Although we expect coronavirus restrictions will still be in effect, we look forward to millions participating in this historic day through this broadcast.
There have been many steps along the way to Father McGivney’s beatification. One of the most important occurred in conjunction with the renovation of St. Mary’s Church in New Haven. As part of the centennial anniversary of the Knights of Columbus in 1982, Father McGivney’s body was moved from Waterbury, Conn., to St. Mary’s to better promote devotion to him.
Now, we are completing the second major renovation of St. Mary’s Church through the financial support of the Knights of Columbus. The first stage of that work was completed just in time for the opening Mass of our Supreme Convention.
After Father McGivney’s beatification, we hope that Father McGivney’s body will be moved from the back of the church to a place of honor in the front. This will promote even greater devotion to him as we continue his cause for canonization.
IN 2001, we opened the Knights of Columbus Museum in New Haven. For nearly two decades, our museum has featured unique and award-winning exhibits. It has been a place of Catholic culture, art and evangelization from which hundreds of thousands of people have benefited.
Today, I am pleased to announce that in the coming months we will begin the transformation of the Knights of Columbus Museum into the new Blessed Michael McGivney Pilgrimage Center.
While the museum’s mission of recounting our history will continue, it will also broaden its appeal by focusing more on the spirituality and charitable vision of our Founder and of his legacy. Along with St. Mary’s — the birthplace of the Order — the new McGivney Pilgrimage Center will enhance the formative experience of a pilgrimage to the tomb of Father McGivney.
There is another reason we should all rejoice in our Founder’s beatification. A Knights of Columbus family had a pivotal role in bringing this day about.
Six years ago, a brother Knight and his wife learned that she was pregnant. They began preparing to welcome their new child into the world. Then came the diagnoses.
First, they learned their unborn son had Down syndrome. Then they learned that he had a rare medical condition that would surely take his life. In their grief, the family turned to heaven for help.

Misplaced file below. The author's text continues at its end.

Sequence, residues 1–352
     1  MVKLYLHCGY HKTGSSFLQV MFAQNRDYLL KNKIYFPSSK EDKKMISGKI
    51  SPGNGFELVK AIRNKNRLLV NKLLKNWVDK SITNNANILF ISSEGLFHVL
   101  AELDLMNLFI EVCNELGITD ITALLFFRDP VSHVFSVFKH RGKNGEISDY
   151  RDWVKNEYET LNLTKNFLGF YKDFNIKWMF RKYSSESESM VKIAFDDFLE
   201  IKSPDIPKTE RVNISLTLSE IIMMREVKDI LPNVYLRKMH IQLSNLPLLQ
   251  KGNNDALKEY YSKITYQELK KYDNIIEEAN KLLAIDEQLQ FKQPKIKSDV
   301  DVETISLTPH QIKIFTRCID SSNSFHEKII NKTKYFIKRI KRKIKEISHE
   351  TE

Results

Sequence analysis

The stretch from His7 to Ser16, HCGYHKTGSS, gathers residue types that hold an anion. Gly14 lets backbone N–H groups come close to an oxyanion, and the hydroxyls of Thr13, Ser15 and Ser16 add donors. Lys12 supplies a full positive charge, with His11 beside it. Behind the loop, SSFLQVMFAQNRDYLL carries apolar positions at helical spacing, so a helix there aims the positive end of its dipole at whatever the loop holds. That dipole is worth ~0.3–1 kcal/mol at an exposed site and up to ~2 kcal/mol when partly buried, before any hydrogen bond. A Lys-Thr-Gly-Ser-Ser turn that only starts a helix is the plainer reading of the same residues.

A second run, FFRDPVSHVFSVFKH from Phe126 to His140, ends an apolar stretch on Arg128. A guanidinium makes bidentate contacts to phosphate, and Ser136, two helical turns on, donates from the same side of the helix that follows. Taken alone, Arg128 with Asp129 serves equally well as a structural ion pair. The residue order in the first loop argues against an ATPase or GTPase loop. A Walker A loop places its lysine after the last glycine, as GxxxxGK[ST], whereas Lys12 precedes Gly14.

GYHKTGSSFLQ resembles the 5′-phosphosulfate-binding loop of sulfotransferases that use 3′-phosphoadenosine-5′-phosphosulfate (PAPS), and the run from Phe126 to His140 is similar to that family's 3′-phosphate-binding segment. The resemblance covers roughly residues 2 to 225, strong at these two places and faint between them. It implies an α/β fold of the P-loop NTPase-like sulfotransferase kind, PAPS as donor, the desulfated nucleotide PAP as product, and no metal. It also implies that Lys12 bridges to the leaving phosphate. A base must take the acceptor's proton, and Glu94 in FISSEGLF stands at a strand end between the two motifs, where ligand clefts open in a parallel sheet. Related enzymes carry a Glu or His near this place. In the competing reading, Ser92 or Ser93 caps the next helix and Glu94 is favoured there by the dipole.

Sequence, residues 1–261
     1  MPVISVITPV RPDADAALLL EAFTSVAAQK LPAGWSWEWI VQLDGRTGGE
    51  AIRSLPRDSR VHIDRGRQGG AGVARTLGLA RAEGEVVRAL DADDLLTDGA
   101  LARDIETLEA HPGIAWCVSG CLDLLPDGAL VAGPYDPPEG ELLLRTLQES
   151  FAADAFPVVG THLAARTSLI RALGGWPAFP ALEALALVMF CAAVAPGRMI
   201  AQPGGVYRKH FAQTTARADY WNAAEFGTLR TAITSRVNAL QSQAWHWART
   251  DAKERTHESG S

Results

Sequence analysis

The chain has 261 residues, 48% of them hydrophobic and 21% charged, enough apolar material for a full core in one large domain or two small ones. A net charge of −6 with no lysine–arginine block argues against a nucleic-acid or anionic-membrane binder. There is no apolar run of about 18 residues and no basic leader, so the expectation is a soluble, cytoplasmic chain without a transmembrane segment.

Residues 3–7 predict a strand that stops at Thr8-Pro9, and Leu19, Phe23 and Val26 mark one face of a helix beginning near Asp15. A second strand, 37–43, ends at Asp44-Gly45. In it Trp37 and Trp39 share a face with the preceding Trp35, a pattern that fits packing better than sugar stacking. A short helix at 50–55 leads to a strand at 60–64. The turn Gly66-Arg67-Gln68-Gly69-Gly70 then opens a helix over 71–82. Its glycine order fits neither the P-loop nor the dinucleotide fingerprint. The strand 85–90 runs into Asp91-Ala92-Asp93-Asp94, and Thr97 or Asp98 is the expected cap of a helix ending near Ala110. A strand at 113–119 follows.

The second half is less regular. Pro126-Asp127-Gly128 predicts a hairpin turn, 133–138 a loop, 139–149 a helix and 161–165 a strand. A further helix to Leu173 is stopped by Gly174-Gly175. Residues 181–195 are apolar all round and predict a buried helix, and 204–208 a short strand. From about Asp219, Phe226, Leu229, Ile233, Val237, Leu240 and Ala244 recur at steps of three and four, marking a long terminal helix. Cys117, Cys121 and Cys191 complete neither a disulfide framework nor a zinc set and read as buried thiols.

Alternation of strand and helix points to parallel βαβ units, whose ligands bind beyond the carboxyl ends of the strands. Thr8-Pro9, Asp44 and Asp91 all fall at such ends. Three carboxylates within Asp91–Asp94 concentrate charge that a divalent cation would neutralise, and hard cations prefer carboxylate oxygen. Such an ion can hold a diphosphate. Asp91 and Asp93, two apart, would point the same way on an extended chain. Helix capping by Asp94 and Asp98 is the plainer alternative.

They traveled to Fatima, Portugal, during a Knights of Columbus pilgrimage. They — and so many other Knights of Columbus families — prayed to Father McGivney for a miracle. They returned home with renewed hope.
Four days later, a doctor confirmed that their unborn son — without any medical intervention or explanation — was suddenly free from his fatal condition.
Today, Mikey Schachle is 5 years old. His father, Dan Schachle, is our General Agent in Tennessee. And the miracle they prayed for is the miracle attributed to Father McGivney’s intercession recently confirmed by Pope Francis.
So let us rejoice for this gift to Dan and Michelle Schachle’s family.
But as we do so, let us also reflect on the mystery of this miracle:
Why did this miracle heal an unborn child in the womb? Why was that healing discovered through ultrasound technology? Why was a child with Down syndrome saved? Why was he conceived into a large Catholic family? A family whose father sees his business as a vocation of service to fellow Catholics? A father who is a dedicated brother Knight of Columbus?
The answer to all these questions must have deep meaning for the future of the Knights of Columbus.
As St. John Paul II said on his visit to Fatima, “in the designs of Providence, there are no mere coincidences.” Is it a mere coincidence that Michael McGivney was the oldest of 13 children, while Michael Schachle is the youngest of 13 children? How can we not see in the circumstances of this miracle an affirmation of the vision and legacy of our Founder?
And how can we not also see in the circumstances of this miracle the call to each of us as brother Knights of Columbus to live more fully our own vocation of charity, unity and fraternity?
Soon we will call our beloved Founder “Blessed,” and millions around the world will better understand why Father McGivney has been a blessing to generations of Catholics.
But with Father McGivney’s beatification comes special responsibility. It calls us to an ever-higher standard of charity, unity and fraternity.
So let us rejoice and be glad in this day the Lord has made. Let us renew our own faith, as we step forward together as Knights of Columbus: Knights of Fraternity to continue our great work.
And may our Founder and brother, soon-to-be Blessed Michael McGivney, pray for us.